Now this man used to go up year by year from his city to worship and to sacrifice to the LORD of hosts at Shiloh, where the two sons of Eli, Hophni and Phinehas, were priests of the LORD. On the day when Elkanah sacrificed, he would give portions to Peninnah his wife and to all her sons and daughters. But to Hannah he gave a double portion, because he loved her, though the LORD had closed her womb. And her rival used to provoke her grievously to irritate her, because the LORD had closed her womb. So it went on year by year. As often as she went up to the house of the LORD, she used to provoke her. Therefore Hannah wept and would not eat. And Elkanah, her husband, said to her, “Hannah, why do you weep? And why do you not eat? And why is your heart sad? Am I not more to you than ten sons?”
After they had eaten and drunk in Shiloh, Hannah rose. Now Eli the priest was sitting on the seat beside the doorpost of the temple of the LORD. She was deeply distressed and prayed to the LORD and wept bitterly. And she vowed a vow and said, “O LORD of hosts, if you will indeed look on the affliction of your servant and remember me and not forget your servant, but will give to your servant a son, then I will give him to the LORD all the days of his life, and no razor shall touch his head.”
As she continued praying before the LORD, Eli observed her mouth. Hannah was speaking in her heart; only her lips moved, and her voice was not heard. Therefore Eli took her to be a drunken woman. And Eli said to her, “How long will you go on being drunk? Put your wine away from you.” But Hannah answered, “No, my lord, I am a woman troubled in spirit. I have drunk neither wine nor strong drink, but I have been pouring out my soul before the LORD. Do not regard your servant as a worthless woman, for all along I have been speaking out of my great anxiety and vexation.” Then Eli answered, “Go in peace, and the God of Israel grant your petition that you have made to him.” And she said, “Let your servant find favor in your eyes.” Then the woman went her way and ate, and her face was no longer sad.
They rose early in the morning and worshiped before the LORD; then they went back to their house at Ramah. And Elkanah knew Hannah his wife, and the LORD remembered her. And in due time Hannah conceived and bore a son, and she called his name Samuel, for she said, “I have asked for him from the LORD.”
The man Elkanah and all his house went up to offer to the LORD the yearly sacrifice and to pay his vow. But Hannah did not go up, for she said to her husband, “As soon as the child is weaned, I will bring him, so that he may appear in the presence of the LORD and dwell there forever.” Elkanah her husband said to her, “Do what seems best to you; wait until you have weaned him; only, may the LORD establish his word.” So the woman remained and nursed her son until she weaned him. And when she had weaned him, she took him up with her, along with a three-year-old bull, an ephah of flour, and a skin of wine, and she brought him to the house of the LORD at Shiloh. And the child was young. Then they slaughtered the bull, and they brought the child to Eli. And she said, “Oh, my lord! As you live, my lord, I am the woman who was standing here in your presence, praying to the LORD. For this child I prayed, and the LORD has granted me my petition that I made to him. Therefore I have lent him to the LORD. As long as he lives, he is lent to the LORD.”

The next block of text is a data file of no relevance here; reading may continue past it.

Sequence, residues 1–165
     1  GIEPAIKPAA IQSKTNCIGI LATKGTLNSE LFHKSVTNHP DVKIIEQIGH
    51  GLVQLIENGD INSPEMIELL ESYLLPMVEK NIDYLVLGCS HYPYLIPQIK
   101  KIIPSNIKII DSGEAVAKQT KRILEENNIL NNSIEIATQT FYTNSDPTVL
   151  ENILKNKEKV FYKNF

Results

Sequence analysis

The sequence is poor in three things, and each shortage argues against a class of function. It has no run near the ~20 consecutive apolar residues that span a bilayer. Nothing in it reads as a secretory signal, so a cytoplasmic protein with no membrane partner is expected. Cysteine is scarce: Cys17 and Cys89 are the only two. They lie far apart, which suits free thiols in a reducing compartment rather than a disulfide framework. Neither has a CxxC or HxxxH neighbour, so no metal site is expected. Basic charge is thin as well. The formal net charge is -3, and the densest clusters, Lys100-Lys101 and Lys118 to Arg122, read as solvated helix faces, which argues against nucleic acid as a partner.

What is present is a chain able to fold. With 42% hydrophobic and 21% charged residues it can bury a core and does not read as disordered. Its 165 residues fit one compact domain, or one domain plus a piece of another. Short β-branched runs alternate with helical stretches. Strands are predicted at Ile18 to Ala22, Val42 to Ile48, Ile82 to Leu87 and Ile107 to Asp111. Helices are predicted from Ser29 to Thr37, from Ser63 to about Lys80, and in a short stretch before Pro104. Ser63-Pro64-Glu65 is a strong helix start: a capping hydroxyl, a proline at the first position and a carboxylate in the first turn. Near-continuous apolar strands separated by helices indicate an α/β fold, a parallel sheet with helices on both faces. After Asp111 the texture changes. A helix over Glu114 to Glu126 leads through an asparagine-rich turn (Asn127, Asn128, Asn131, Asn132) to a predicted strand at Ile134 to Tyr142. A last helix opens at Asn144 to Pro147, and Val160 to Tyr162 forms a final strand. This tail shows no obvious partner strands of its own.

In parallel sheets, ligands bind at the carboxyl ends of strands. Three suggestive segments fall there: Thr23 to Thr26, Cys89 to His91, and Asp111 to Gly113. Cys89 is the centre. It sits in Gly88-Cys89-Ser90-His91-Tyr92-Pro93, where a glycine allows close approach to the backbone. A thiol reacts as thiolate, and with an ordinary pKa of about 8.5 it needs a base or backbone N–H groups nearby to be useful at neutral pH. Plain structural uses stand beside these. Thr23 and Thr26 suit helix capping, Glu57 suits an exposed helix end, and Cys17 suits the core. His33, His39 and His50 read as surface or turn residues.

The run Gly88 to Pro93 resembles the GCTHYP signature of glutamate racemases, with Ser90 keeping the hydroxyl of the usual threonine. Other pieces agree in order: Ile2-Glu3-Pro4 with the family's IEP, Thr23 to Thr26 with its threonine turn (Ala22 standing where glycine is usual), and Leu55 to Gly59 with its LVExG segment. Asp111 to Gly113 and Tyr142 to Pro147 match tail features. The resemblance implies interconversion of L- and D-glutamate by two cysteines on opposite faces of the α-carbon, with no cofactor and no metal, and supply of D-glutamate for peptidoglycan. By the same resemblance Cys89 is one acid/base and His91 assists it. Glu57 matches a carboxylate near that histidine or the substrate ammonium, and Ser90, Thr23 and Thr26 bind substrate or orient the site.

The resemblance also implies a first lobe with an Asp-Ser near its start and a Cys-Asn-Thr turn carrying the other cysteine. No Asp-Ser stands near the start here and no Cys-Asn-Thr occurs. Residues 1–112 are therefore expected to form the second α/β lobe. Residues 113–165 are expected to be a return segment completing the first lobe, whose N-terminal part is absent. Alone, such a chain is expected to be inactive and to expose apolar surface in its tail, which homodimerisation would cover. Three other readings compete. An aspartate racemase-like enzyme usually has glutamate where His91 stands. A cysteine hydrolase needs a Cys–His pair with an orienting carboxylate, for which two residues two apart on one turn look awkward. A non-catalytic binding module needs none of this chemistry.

And he worshiped the LORD there.
And Hannah prayed and said,
“My heart exults in the LORD;
my horn is exalted in the LORD.
My mouth derides my enemies,
because I rejoice in your salvation.
“There is none holy like the LORD:
for there is none besides you;
there is no rock like our God.
Talk no more so very proudly,
let not arrogance come from your mouth;
for the LORD is a God of knowledge,
and by him actions are weighed.
The bows of the mighty are broken,
but the feeble bind on strength.
Those who were full have hired themselves out for bread,
but those who were hungry have ceased to hunger.
The barren has borne seven,
but she who has many children is forlorn.
The LORD kills and brings to life;
he brings down to Sheol and raises up.
The LORD makes poor and makes rich;
he brings low and he exalts.
He raises up the poor from the dust;
he lifts the needy from the ash heap
to make them sit with princes
and inherit a seat of honor.
For the pillars of the earth are the LORD’s,
and on them he has set the world.
“He will guard the feet of his faithful ones,
but the wicked shall be cut off in darkness,
for not by might shall a man prevail.
The adversaries of the LORD shall be broken to pieces;
against them he will thunder in heaven.
The LORD will judge the ends of the earth;
he will give strength to his king
and exalt the horn of his anointed.”
Then Elkanah went home to Ramah. And the boy was ministering to the LORD in the presence of Eli the priest.
When we read the Bible, it’s important to remember what came before and what is coming after the passage we are studying. The last time a person reading straight through the Bible would have encountered the phrase, “there was a certain man of,” it was to introduce a man named Manoah would be the father of Samson. Samson, while having many sketchy character qualities, did deliver God’s people from the Philistines. This happened at a particularly dark time in Israel’s life and so you get the impression that maybe something good is about to break through this dark time as well.